SZA Is Untouchable on the Legacy-Defining 'SOS'

BY Wesley McLeanPublished Dec 13, 2022

After spending a half-decade bolstering her resumé with successful solo singles like "Good Days" and immensely popular collaborations with artists like Kendrick Lamar and Doja Cat, the first lady of Top Dawg Entertainment has become one of the biggest stars in popular music. In that time, she's simultaneously (and somewhat messily) built her sophomore album into one of the most highly-anticipated releases in recent memory. Every cryptic tweet, Instagram story snippet and TikTok-trending sound furthered her fans' growing hunger for another full-length LP, and raised the question — would SZA ever actually deliver?

On top of the extended hiatus and continually growing star status, SZA was faced with the daunting task of following up one of the most celebrated debuts of the 2010s — the odds felt insurmountable. And yet, with the opulent, ambitious and larger-than-life SOS, SZA manages to deliver, once again shattering expectations and further solidifying herself as one of the premier talents of her generation.

SOS is a near-perfect record and an excellent successor to Ctrl, proving to be worth every second of the five-year wait. It's a testament to SZA's incredible songwriting and chameleonic ability to dip and dabble in a multitude of genres and soundscapes, benefiting greatly from its immaculate production. Each track is delivered so dazzlingly that it's practically flawless. 

SZA's ability to communicate her deepest feelings and insecurities in such an intimate and personal manner remains her greatest strength. Whether softly crooning about her imperfections on "Special" or casually mentioning sleeping with her ex for validation on "Blind," her writing, even at its simplest, is effortlessly and immediately gripping. Regardless of whether or not you can relate directly to her stories of debauchery and heartache, the writing and delivery of each line make it impossible not to place yourself firmly in her shoes. It's a truly remarkable talent, and a testament to how impeccable her writing is and how emotive she is as a singer.

The aforementioned "Special" is the most potent example of SZA's writing and singing at their rawest and most vulnerable. The track is one of SOS's more stripped-back cuts and a highlight in the latter half of the tracklist, a heart-wrenching and self-deprecating reflection on a previous relationship and the lasting effects that her ex has had on her self-esteem. Complete with a gorgeously melancholy chorus that recalls Coldplay's "Yellow," this is not only one of the album's biggest highlights but one of SZA's shining moments as a songwriter.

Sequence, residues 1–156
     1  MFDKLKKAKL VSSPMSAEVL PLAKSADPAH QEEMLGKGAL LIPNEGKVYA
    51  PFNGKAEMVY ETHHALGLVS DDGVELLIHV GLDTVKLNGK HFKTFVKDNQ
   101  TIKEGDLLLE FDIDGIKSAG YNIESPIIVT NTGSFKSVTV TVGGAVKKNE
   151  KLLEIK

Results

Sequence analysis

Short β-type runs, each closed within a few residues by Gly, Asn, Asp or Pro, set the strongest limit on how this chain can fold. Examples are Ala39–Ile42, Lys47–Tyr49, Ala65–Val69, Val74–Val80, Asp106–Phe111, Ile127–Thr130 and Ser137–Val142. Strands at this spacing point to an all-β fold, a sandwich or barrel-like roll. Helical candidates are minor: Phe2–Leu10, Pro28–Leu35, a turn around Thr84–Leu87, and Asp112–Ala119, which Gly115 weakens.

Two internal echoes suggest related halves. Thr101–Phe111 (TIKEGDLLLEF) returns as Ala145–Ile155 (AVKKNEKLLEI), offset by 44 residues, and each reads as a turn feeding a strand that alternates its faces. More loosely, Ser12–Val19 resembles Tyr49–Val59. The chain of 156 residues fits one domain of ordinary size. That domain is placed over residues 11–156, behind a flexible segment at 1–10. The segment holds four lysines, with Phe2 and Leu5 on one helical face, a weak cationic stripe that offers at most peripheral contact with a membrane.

"Gone Girl" is another standout moment that showcases SZA at the height of her powers. An incredibly smooth, catchy song that feels pre-destined to be a fan favourite deep cut, it'll be the album's next single if the TDE team know what's good for them. The lush instrumentation and beautifully layered vocal harmonies make for an incredible listen, but the bridge is what takes things to the next level; as the backing vocals swell to an ethereal crescendo before dropping completely into a phenomenal choir-led outro, it solidifies itself as a new high-water mark in SZA's catalogue.

The majority of the album is rife with incredible singing performances, but a welcome surprise on SOS is SZA flexing her rapping abilities. On the nostalgic, chipmunk soul-inspired beat of "Smoking on My Ex Pack," and the grimier, Ol' Dirty Bastard (and Björk!) sampling closer "Forgiveless," she finds interesting pockets and melodies and delivers impressive verses that help to vary the sounds and styles that keep SOS from floundering under its own weight.

The only time that SZA's foray into rapping falls completely flat is on the album's aptly-titled low point, "Low." It's a mind-boggling decision for SZA — who's now brought the best out of Travis Scott twice by bringing him out of his comfort zone — to venture into his sound so flagrantly. While it's not necessarily a bad song, it is the only moment on the album where SZA's contributions to a sound or style aren't felt, as it sounds more like a reference track for Scott's next album than anything.

It's SOS's only true misstep, which is a feat given the incredibly dense tracklist. The album verges on exhausting after a few front-to-back listens, but SZA manages to pull it from the fire each time it begins to sag. That the album is without any noticeable narrative or structure actually works in its favour, as it could be shuffled into a million different forms and still be just as effective. SOS isn't necessarily greater than the sum of its parts — its parts are just that damn good. 

Regardless of any minor hiccups, SOS is a spectacular sophomore effort from a star whose ceiling is high as can be. In an era where bloated albums built to inflate streams are increasingly frequent, SZA has delivered a 23-track masterwork on which nearly every song fits, each individual piece made with purpose and feeling. The strides that she's taken as a songwriter — and the variety of sounds explored here — have opened the door to infinite possibilities for whatever she has coming next (after her 2023 North American tour). While it likely won't come quickly, SZA has proven that it'll be well worth the wait.

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